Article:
On the penultimate page of her 2017 dystopian speculative fiction novel, The Marrow Thieves, Métis author and editor Cherie Dimaline evokes the sound of an echo as a means elucidate the reunification of two residential school surviours: The scene is significant for a number of reasons, not least of all because it contains the only instance of the word “reconciliation” in an entire novel about the return of residential schools. But also because of the aural imagery that Dimaline build around the word, like whispers of scaffolding that direct and inflect our understanding of a key term in the contemporary Canadian vernacular.
Before they forced into residential schools by Recruiters–Dimaline’s dystopian articulation of the Indian Agent–these two men, Miigwaans and Isaac, were a happily married couple. Flashbacks throughout the novel readily establish this, which makes the scene of their reunification that much more moving and emotional. Throughout the narrative, Dimaline also makes clear that both men also believe that the other is dead, killed in the schools that stole them away from one another. Miigwaans even wears an amulet, which he believes holds his husband’s remains, around his neck as a means to remember him. He refers to this amulet as his heart, gesturing to the grief and melancholia that still permeates his loss. The imagery that Dimaline builds around this single instance of the word reconciliation, here articulated as a verb, is guttural and provocative. It speaks to the intensity of being reunited with a loved one who is presumed lost; a family member who is being mourned and grieved and is now returned from the dead:
[Isaac] slowed to a walk now, the welcoming party and the new comers falling in behind. He slowed all his movements, as if focusing his eyes and reconciling what they saw took motion from his muscles. I heard a sound like an echo turned inside out, and then Miig, who had been standing still, trying to see, to understand, under the blue smoke of moonlight, finally took a step forward.[i]
“Like an echo turned inside out.” I find myself captivated by this phrase and what it might mean for our understanding of reconciliation. The echo Dimaline describes here is not a reconciliation of words, or of policies; nor is it a reconciliation of settlers and Indigenous peoples. What is at stake in this single instance of the word, is a reconciliation of Truths: of knowing as certain the genocide inflicted by residential schools while at the same time being held in the gaze of a loved one who was forced into those schools. It is a reconciliation built on love and care and grief and mourning. But, perhaps most importantly, the echo of reconciliation that Dimaline ends her novel with is a reconciliation of surviours. Outside of the colonial gaze, outside of the multifarious meanings that have been layered onto the word in the wake of the Truth and Reconciliation Commission, reconciliation here is established as the domain of Indigenous peoples and the resurgence with which they will rebuild in the wake of the apocalypse.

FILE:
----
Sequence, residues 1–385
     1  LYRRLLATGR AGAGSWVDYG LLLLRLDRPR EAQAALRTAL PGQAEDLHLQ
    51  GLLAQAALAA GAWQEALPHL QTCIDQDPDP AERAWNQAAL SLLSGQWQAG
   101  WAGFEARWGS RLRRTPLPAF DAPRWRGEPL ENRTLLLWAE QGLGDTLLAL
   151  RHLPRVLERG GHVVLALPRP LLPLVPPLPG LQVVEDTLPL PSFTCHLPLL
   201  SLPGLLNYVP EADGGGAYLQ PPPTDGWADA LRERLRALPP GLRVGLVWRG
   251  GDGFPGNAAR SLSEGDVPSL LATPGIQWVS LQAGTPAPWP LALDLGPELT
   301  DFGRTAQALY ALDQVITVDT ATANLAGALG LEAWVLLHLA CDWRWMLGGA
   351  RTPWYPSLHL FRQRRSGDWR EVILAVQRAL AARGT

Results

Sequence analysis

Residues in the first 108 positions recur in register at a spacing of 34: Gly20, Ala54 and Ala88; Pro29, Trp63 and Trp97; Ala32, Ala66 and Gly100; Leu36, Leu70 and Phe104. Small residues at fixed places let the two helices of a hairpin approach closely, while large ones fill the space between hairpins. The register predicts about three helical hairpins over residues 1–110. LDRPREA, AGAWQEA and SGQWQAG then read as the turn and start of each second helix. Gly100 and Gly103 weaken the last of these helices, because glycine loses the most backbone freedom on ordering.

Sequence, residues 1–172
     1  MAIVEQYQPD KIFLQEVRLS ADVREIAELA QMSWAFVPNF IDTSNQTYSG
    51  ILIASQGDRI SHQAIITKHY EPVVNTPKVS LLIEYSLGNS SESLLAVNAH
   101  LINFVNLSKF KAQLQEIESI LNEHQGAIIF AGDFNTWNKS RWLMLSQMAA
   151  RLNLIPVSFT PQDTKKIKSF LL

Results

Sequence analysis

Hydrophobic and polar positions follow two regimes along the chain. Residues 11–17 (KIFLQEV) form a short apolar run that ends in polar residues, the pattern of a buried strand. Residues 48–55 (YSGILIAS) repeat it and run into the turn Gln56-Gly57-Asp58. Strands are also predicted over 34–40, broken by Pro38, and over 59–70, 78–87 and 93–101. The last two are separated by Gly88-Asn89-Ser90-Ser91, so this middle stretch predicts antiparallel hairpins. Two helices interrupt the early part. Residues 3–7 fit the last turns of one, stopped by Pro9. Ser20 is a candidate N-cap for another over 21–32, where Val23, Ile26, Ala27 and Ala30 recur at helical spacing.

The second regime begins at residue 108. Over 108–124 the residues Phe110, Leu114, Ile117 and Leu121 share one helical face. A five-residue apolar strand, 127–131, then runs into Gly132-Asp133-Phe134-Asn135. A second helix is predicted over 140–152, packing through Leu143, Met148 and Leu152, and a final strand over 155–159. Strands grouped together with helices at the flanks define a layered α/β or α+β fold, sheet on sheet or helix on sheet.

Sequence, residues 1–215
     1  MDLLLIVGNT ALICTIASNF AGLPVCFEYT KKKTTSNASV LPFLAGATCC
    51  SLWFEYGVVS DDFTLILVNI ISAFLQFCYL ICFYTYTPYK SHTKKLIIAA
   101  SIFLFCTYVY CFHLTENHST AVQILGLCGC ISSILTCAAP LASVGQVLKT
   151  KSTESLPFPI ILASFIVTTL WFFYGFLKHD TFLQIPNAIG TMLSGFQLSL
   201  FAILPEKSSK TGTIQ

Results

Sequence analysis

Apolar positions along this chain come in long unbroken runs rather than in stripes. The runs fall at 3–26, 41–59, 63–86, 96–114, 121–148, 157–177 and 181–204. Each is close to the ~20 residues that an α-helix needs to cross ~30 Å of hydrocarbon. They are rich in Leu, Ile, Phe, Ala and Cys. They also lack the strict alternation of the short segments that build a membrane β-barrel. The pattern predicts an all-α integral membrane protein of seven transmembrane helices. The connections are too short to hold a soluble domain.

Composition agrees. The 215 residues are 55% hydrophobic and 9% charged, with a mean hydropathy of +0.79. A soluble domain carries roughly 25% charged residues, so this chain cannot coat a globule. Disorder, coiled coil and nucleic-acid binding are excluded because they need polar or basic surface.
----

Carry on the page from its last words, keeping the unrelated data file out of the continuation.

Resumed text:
Reconciliation is a troubling word. According to Roy Brooks, writing on the prevalence of reparations politics as they emerge out of the Cold War, “we have clearly entered what can be called the ‘Age of Apology.’” Speaking as a Canadian, Brooks may very well have chosen the most apt designation for our current epoch. As Mitch Miyagawa points out, with reference to the numerous apologies offered by the state since 2006, Canada is a sorry state. But the repetition of this era’s core vernacular, “acknowledgement, apology, redress, forgiveness, and reconciliation,” the concepts I structure the chapters of my book around, may have also evacuated those words of their meaning.
Indeed, for many of my students in First Nations and Indigenous Studies here at UBC, the word “reconciliation” has become, and I quote “almost entirely useless.” Anishinaabe author and comedian Ryan McMahon perhaps sums up the naivete with which the word has been inflected in a succinctly worded tweet: “The Reconciliation Industry that is building in Canada looks more like a basic life skills program. ‘Be nice to each other. Don’t be racist.’” In Dancing On Our Turtle’s Back, Leanne Betasamosake Simpson provides a more academic, yet no less incisive, perspective on the failure of the word “reconciliation” for Indigenous peoples: “In the eyes of liberalism,” she writes, “the historical ‘wrong’ has now been ‘righted’ and further transformation is not needed, since the historic situation has been remedied” (22). I follow from Simpson, when I argue that reconciliation, stripped of its potentiality through the process of the TRC, is perhaps at risk of becoming a floating signifier: a sign without referent.